“Sketchy”

Something awful this way comes:

SketchFactor, the brainchild of co-founders Allison McGuire and Daniel Herrington, is a Manhattan-based navigation app that crowdsources user experiences along with publicly available data to rate the relative “sketchiness” of certain areas in major cities.

Based on the story, complete with the details of the founders working at non-profits in their early 20s, being intimidated by Washington D.C. neighborhoods, getting this app off the ground with family money and, more than anything, their smiling, lily-white faces, the people behind this app have lived pretty damned privileged lives. It would not surprise me in the least if the impetus for this app was borne of their utter cluelessness about what actually difficult neighborhoods are like, how to know when one encounters them and how to act when one does.

And while I take them at their word that they in no way want this app to turn into a tool of latent racists or, even worse, actual racists, they are deluded in the extreme if they do not think that that is exactly what it will become. I predict a near perfect overlap of their “sketchy” map and a census map showing a geographic racial breakdown. And while, yes, there is a pretty heavy correlation between disadvantaged areas and crime, there is abundant data available on this already and a map of high crime areas could easily be produced. By crowd-sourcing this, these people are asking for their app to become a depository of racial profiling.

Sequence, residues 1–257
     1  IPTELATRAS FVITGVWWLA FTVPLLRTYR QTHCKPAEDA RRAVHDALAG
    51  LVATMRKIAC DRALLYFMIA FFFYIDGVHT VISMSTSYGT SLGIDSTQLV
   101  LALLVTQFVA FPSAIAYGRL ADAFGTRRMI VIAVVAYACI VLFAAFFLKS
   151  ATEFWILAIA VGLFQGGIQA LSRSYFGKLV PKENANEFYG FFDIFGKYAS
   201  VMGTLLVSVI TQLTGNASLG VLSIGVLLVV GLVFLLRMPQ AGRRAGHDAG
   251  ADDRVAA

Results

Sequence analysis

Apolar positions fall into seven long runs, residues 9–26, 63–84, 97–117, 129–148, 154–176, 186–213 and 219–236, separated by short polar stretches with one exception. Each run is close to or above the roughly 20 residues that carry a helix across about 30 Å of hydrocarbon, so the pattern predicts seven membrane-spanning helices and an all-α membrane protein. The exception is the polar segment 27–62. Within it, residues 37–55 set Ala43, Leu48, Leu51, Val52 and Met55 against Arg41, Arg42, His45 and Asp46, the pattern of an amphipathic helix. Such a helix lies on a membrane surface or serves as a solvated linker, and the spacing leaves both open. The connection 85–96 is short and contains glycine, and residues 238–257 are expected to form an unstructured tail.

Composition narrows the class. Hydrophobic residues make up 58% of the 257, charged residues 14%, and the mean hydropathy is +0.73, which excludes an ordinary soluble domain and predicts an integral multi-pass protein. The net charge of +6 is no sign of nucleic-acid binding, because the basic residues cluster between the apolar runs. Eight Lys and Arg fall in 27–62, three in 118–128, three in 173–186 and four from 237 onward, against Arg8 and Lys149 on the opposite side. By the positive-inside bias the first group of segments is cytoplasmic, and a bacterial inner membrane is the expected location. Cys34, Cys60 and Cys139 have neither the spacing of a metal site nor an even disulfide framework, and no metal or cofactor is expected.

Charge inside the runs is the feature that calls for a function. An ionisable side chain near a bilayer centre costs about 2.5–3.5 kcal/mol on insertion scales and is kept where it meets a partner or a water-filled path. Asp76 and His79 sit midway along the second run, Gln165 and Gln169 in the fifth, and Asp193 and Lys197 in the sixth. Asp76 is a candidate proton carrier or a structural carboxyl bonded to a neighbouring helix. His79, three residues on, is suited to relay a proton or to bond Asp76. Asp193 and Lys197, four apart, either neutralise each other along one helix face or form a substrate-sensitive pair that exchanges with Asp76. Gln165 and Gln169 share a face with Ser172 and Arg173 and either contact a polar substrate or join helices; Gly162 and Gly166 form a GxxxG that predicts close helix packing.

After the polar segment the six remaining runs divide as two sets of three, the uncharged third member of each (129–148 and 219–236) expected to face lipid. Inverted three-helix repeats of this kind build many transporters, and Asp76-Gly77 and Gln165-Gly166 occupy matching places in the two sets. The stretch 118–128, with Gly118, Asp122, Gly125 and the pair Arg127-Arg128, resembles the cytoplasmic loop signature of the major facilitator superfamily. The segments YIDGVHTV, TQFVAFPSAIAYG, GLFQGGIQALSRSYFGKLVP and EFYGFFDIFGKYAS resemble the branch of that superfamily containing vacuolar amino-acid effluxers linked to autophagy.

Probably doesn’t matter. These two will probably make $20 million off this thing and then become vague consultants of some sort. Since that’s inevitable, we should at least try to fuck the deck a bit here. Everyone: download this app and mark every single neighborhood in which privileged rich white kids congregate as “sketchy.”

Sure, that’s sabotage, but it also has the benefit of being true. 

UPDATE: I am not 100% these are the same people, but The Independent says that the founders of SketchFactor are the same people who were behind a similar app called “Ghetto Tracker” last year. That site was straight up vile, and made no effort to hide its racist motivations. If it’s not true, I would hope that the SketchFactor people would have seen the uproar Ghetto Tracker caused and thought better of their endeavor. If it is true and these are the same people merely attempting to offer a sanitized version of Ghetto Tracker, they are not entitled to the benefit of the doubt for which they so desperately ask in the linked article.

Craig Calcaterra

Craig is the national baseball writer for NBCSports.com. He writes about things other than sports at Craigcalcaterra.com. He lives in New Albany, Ohio with his wife, two kids, and many cats.

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